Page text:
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Broadland flood alleviation project

PUBLISHED: 09:56 24 April 2009 | UPDATED: 13:46 03 July 2010

A £120m flood alleviation project being carried out across Broadland conjures up images of heavy machinery and major earthworks.

But long before the invasion of the diggers come Helen Markwell and her team of fellow environmental scientists - equipped with nothing more sophisticated than strong boots and gloves and a primitive-looking snake-catching stick

(aka the handle of a B&Q paint roller).

A £120m flood alleviation project being carried out across Broadland conjures up images of heavy machinery and major earthworks.

But long before the invasion of the diggers come Helen Markwell and her team of fellow environmental scientists - equipped with nothing more sophisticated than strong boots and gloves and a primitive-looking snake-catching stick

(aka the handle of a B&Q paint roller).

The only concession to the scientific age in their painstaking survey work is the GPS system that enables them to accurately pinpoint the location of any wildlife discoveries.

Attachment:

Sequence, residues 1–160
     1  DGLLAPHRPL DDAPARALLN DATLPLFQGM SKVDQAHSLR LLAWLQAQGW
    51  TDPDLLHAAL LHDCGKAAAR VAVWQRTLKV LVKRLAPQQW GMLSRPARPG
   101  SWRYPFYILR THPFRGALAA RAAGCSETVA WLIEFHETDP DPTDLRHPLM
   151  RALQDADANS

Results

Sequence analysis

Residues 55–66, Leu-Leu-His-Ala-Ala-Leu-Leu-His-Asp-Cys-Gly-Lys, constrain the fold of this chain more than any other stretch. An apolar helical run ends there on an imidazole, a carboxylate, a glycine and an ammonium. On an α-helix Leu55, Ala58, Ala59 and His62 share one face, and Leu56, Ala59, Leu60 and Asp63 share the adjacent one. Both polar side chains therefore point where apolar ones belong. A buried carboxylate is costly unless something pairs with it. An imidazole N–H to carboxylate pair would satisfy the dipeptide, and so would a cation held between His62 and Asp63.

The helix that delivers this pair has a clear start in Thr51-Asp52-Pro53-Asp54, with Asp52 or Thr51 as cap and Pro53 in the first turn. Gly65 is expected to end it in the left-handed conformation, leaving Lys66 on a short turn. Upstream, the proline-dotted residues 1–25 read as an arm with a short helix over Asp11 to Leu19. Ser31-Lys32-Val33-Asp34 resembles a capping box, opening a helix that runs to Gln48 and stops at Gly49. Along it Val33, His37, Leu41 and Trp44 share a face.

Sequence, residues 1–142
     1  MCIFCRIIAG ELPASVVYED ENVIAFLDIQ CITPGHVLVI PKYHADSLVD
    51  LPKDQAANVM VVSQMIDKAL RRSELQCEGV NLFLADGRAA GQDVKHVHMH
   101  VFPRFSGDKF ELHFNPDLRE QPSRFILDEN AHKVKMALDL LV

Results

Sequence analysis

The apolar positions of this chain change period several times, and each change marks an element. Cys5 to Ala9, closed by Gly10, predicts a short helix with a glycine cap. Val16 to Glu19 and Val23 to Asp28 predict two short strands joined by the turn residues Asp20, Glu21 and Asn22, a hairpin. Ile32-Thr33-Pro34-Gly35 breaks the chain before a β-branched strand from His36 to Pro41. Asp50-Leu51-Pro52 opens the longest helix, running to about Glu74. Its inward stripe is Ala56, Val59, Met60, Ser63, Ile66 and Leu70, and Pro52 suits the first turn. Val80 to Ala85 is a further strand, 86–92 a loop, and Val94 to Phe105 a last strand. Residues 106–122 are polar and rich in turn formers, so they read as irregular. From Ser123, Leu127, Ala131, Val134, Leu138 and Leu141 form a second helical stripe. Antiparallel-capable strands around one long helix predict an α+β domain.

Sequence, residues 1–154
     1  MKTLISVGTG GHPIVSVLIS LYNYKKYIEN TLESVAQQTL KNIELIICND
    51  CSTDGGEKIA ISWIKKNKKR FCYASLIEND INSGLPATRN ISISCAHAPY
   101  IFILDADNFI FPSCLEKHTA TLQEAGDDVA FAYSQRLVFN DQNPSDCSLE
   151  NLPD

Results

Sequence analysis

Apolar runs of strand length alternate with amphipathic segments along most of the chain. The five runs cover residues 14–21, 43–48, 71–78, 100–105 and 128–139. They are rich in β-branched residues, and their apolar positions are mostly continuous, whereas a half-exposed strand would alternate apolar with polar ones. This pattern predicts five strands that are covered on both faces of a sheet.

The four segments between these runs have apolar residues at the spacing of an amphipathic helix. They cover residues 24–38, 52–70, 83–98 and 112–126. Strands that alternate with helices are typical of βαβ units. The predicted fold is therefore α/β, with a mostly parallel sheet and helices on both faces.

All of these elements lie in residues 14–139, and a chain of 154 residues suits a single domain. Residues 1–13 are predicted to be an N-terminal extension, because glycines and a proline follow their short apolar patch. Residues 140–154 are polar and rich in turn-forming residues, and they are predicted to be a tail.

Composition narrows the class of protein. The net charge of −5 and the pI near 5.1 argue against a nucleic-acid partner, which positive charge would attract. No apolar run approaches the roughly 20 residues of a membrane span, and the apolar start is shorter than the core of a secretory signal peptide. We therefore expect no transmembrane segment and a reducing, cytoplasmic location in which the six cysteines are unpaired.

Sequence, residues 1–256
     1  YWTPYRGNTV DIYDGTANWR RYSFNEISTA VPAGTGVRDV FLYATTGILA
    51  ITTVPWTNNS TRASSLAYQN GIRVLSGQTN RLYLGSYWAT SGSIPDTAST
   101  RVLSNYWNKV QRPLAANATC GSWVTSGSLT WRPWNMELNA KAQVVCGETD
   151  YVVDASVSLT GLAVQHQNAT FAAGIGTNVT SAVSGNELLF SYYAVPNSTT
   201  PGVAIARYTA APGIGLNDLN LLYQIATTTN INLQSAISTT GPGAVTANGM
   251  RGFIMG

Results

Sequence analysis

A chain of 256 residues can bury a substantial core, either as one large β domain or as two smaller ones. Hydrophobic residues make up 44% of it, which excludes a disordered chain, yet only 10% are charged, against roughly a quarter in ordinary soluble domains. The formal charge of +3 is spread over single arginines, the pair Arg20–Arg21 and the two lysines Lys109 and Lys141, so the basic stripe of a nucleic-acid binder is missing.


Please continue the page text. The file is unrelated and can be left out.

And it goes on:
In bright spring sunshine yesterday morning, the team were walking the floodbank dividing the River Waveney from Fritton Woods, near Yarmouth, heads characteristically bowed looking for signs of movement in the grass fringe and reedbed.

Broadland Environmental Services - the consortium responsible for the 20-year programme - will not begin flood defence work on this stretch for about three years, but Ms Markwell explained that ahead of a planning application to be submitted later in the year a comprehensive wildlife survey had to be carried out.

They were now into their fourth week of surveying 15-20km of floodbanks in an exercise costing about £30,000.

She said: “This site near Fritton Woods is one of regional importance for adders, and other protected species we have come across are common lizards, grass snakes and slow worms. One section of the bank is home to a very rare mollusc.”

She said adders hibernated in cracks on the banks, a dry, frost-free environment, but this was the time of the year they began to move off, breed and forage for food.

Adders could live for more than

30 years, but they tended to return to the same place each winter to hibernate.

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